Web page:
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[[stamp]] Flushing N.Y. Feb 1 4 AM 1952 Rec'd [[/stamp]]

Pilots' Wives Demand New U.S. Safety Board
By: Steve Webber

In the wake of the two Elizabeth, N.J., air disasters, a group of worried but determined women-- wives of airline pilots-- begun circulating a petition to Congress yesterday demanding increased safety regulations.

Prefering to remain anonymous a spokesman for the women said, "We are not seeking publicity for ourselves; what we want is more action on the part of the government to protect our husbands."
Specifically, they are asking that the Air Safety Board which was dissolved in 1940, be revived pointing out that it had an exemplary safety record during the few years of its existence. In the 18 months following the dissolution of the ASB, airlines were plagued by a series of disastrous crashes.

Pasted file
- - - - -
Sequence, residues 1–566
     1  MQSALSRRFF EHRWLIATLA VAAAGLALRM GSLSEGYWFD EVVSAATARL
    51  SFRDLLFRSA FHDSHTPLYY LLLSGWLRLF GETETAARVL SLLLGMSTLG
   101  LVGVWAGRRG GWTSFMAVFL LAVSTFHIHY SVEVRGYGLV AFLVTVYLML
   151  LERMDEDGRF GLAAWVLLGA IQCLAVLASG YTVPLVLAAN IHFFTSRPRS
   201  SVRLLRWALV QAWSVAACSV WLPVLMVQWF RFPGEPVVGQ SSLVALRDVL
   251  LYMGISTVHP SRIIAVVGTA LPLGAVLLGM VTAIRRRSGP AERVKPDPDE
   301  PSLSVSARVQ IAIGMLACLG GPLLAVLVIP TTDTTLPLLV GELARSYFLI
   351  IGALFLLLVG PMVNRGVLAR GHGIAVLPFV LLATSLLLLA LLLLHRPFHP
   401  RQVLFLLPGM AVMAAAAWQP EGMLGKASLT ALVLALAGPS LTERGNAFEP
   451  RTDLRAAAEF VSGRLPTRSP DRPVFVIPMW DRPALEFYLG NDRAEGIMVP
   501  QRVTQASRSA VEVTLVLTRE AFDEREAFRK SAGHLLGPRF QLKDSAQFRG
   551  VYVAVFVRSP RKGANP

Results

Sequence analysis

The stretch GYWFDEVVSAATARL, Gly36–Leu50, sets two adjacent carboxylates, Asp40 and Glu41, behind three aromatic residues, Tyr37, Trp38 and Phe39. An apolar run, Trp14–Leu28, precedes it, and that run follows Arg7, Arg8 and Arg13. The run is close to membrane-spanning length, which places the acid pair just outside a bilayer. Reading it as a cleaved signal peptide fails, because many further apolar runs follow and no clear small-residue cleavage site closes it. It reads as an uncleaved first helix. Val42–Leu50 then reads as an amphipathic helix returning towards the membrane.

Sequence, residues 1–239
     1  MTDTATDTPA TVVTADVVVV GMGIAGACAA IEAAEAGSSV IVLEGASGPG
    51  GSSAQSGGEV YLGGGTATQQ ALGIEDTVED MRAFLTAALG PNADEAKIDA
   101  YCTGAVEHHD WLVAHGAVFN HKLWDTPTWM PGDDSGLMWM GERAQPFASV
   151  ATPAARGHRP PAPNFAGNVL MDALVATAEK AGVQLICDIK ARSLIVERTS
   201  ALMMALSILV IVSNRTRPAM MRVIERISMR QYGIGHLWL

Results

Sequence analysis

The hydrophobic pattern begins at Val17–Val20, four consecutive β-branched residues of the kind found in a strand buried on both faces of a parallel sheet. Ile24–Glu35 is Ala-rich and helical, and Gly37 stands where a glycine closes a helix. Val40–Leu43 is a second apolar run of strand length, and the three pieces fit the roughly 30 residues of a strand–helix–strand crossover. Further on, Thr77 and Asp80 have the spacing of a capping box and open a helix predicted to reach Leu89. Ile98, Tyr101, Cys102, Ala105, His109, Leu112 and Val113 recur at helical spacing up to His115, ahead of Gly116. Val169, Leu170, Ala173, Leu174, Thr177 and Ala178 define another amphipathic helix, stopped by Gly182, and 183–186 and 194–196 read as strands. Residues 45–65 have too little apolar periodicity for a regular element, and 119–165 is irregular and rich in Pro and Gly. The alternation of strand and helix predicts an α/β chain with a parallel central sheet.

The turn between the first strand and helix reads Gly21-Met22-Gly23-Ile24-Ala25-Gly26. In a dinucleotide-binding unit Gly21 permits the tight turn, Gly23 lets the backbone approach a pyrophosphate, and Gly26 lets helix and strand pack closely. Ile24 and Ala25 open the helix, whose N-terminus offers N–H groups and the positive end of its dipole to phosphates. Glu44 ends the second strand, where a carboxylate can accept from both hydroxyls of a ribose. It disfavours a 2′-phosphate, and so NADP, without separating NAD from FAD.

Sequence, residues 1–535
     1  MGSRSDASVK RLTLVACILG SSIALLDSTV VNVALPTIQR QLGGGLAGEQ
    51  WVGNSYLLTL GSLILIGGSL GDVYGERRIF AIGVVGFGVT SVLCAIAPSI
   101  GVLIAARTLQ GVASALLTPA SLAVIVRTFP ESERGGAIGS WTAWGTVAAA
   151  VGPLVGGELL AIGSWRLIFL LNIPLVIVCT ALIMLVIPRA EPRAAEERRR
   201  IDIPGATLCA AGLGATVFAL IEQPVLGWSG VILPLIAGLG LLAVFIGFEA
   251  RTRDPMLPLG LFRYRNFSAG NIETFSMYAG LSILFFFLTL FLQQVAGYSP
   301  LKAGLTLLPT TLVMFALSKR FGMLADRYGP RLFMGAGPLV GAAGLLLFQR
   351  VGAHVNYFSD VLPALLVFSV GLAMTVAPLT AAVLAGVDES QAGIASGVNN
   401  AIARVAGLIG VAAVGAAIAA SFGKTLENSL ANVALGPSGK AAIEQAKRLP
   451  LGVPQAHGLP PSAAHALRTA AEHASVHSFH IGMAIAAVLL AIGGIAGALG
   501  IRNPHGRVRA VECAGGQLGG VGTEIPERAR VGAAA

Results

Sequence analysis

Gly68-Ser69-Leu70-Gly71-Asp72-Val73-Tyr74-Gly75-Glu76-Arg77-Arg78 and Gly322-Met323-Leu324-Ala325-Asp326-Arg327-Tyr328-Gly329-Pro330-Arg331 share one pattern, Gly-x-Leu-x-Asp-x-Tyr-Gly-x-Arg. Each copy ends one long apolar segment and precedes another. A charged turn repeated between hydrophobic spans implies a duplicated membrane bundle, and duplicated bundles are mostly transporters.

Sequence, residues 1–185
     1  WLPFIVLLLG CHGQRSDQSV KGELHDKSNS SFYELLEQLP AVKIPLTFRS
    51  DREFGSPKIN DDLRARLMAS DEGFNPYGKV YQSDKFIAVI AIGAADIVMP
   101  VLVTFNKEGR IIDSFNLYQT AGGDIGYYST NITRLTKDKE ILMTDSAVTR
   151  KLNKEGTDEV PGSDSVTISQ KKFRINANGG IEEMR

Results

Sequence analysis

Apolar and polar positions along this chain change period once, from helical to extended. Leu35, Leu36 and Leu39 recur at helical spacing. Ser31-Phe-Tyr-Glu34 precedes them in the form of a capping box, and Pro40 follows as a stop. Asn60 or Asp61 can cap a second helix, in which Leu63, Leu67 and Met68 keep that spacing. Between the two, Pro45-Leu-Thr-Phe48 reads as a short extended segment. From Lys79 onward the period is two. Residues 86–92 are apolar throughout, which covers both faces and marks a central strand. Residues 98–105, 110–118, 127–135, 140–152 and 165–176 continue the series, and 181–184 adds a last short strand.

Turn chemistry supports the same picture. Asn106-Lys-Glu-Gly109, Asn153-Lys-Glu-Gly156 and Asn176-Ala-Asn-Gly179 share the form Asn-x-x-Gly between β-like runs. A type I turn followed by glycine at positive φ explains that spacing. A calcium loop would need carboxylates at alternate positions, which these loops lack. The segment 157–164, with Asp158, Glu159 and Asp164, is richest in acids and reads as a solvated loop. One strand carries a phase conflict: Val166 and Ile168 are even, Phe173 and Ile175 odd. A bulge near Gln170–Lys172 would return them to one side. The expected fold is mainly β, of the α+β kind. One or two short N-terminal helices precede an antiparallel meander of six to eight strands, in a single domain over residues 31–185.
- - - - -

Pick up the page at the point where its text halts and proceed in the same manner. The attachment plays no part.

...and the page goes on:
The Air Safety Board, which was created under the Civil Aeronautics Authority Act of 1938, was a stern policeman over commercial aviation and was required by law to have as one of its three members an airline pilot with at least 3,000 hours of airline flying time.
The women emphasized that the board, if reinstituted, would have the power to investigate such charges as planes being loaded in excess of the manufacturer's original specifications, the power to recommend new or changed safety rules and also the power to enforce them.

No Confidence in CAB
Circulating the petition will be at least a two-week job, the group said, since there are more than 7,000 of the flyer's wives in the U.S., 1,200 of whom are located on L.I. The group circulating the petition is composed of the pilots' wives living in Nassau and Queens.
The women declared they have lost confidence in the presently-constituted body, the Civil Aeronautics Board, which "decides for itself whether it has done a good job in enforcement."
"Often, final reports made on air disasters reveal that corrective action is being taken," one of the wives complained.
They will not go along with the claims made that "pilot errors" are a major source of the crashes, and they point out that "corrective action usually is concerned with navigational aids, radio ranges, and designs, which is an admission in itself that pilot error could not be blamed positively."